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CHICAGO — This is a story about planes, trains and automobiles. And the journey is no less tortured than the famous late 80’s feature film by the same name. 

The automated trains that for decades whisked passengers and airport employees between terminals and a remote parking lot at O’Hare airport have been out-of-service since November 2018.

The original $310 million renovation contract called for the installation of new train cars and an extension of the service to a new rental car facility. It was all supposed to be completed by November 2019 with minimal interruption to service. Since then, problems have cascaded like flight delays during a Christmas week snow storm.

WGN Investigates obtained emails between the contractors and a consultant hired to oversee the troubled project. As recently as February, the airport consultant wrote “the overall project is simply regressing.”

The same email detailed difficulty the new automated train cars had in operating in snow, ice and cold.

 “Vehicle reliability has degraded to essentially zero,” the consultant wrote.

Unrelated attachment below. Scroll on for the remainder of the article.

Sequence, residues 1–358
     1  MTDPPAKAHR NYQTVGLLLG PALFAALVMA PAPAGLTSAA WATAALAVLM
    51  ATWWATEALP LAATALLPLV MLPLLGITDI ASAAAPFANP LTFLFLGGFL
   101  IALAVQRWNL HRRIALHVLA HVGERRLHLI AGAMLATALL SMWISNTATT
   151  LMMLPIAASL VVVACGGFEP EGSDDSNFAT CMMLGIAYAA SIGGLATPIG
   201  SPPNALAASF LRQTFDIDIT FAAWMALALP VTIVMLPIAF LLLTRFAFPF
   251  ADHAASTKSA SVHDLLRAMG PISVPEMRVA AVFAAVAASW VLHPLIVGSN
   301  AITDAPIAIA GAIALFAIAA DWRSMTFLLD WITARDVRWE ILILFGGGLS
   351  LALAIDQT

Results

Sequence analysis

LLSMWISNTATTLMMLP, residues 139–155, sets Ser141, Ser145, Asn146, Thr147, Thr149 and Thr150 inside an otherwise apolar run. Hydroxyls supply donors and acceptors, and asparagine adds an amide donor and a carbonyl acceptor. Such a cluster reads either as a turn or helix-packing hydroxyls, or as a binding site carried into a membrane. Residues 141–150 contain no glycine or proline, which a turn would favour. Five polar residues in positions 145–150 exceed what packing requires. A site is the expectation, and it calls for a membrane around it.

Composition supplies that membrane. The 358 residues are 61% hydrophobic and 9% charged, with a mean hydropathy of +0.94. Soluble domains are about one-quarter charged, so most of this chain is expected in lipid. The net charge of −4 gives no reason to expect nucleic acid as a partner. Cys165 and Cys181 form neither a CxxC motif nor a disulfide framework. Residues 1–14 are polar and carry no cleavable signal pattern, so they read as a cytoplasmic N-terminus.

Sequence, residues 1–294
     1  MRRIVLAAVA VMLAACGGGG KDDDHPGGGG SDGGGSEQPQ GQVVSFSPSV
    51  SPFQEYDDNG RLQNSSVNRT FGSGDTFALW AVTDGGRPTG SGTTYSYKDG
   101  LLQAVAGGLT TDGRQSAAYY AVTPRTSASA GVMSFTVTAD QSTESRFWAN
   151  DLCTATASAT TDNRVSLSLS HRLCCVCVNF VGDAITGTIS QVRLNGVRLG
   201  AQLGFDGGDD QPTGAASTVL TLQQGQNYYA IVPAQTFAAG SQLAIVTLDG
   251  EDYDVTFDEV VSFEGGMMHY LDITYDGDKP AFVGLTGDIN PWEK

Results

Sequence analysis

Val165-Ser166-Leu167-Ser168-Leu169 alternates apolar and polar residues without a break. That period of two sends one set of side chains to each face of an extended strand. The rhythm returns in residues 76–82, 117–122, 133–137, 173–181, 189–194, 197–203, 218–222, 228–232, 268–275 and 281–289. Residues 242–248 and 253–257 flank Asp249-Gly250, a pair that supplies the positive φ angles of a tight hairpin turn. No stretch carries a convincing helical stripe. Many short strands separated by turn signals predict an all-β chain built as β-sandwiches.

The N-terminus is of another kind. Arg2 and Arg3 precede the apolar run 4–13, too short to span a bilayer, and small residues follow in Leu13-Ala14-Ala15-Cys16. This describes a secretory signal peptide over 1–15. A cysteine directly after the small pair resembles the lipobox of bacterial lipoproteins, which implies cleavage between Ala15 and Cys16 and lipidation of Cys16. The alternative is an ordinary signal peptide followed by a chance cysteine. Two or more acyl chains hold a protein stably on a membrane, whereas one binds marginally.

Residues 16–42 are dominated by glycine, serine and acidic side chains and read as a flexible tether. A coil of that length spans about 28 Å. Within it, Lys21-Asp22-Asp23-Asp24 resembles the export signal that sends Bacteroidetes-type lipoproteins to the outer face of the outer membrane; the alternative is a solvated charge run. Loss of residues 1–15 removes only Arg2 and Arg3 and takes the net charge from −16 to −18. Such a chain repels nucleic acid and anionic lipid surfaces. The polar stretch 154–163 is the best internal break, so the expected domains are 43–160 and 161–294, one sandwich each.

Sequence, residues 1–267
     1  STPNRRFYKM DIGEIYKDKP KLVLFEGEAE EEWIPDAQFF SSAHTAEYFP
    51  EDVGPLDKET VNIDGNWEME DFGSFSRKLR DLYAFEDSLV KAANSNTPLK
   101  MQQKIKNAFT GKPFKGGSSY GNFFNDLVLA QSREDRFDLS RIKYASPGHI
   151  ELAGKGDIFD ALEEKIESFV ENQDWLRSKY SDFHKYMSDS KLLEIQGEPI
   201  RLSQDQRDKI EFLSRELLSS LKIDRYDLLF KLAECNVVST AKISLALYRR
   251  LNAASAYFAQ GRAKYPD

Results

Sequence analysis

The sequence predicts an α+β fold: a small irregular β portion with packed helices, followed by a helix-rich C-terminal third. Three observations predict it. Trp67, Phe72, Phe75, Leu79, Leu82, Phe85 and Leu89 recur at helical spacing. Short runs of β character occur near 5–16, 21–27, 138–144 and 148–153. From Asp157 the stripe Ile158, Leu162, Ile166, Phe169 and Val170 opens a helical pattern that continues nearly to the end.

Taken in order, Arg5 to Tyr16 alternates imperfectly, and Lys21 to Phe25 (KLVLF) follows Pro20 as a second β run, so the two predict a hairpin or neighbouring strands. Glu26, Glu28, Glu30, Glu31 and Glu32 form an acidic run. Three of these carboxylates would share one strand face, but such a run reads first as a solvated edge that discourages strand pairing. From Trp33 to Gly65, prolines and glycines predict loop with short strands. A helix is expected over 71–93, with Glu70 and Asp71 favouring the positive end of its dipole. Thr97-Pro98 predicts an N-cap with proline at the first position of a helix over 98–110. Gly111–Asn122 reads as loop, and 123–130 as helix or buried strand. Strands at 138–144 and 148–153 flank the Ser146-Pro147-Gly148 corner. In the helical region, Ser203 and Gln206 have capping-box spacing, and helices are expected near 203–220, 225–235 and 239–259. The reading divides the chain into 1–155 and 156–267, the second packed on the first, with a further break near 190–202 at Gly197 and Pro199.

An airport spokesperson said the City remains focused on solving the technical challenges and completing the project. 

“Integrating a new rail vehicle and control system on the existing rail guideway like O’Hare’s is a one-off exercise that is not done every day,” Chicago Department of Aviation spokesperson Christine Carrino wrote in a prepared statement.  

The contractor has cited pandemic-related delays that have impacted supply chains and their ability to bring in technical experts. But keep in mind: The entire project was originally scheduled to be completed more than a year before the pandemic began.

While the people mover has been offline, the airport has hired and deployed a fleet of buses to transport people. The cost for the bus service alone now accounts for nearly one-quarter of the project’s estimated cost.   

“It’s a disgrace, frankly,” said Northwestern University Transportation Center director Hani Mahmassani. It comes as the airport embarks on an ambitious $8 billion terminal construction and expansion plan.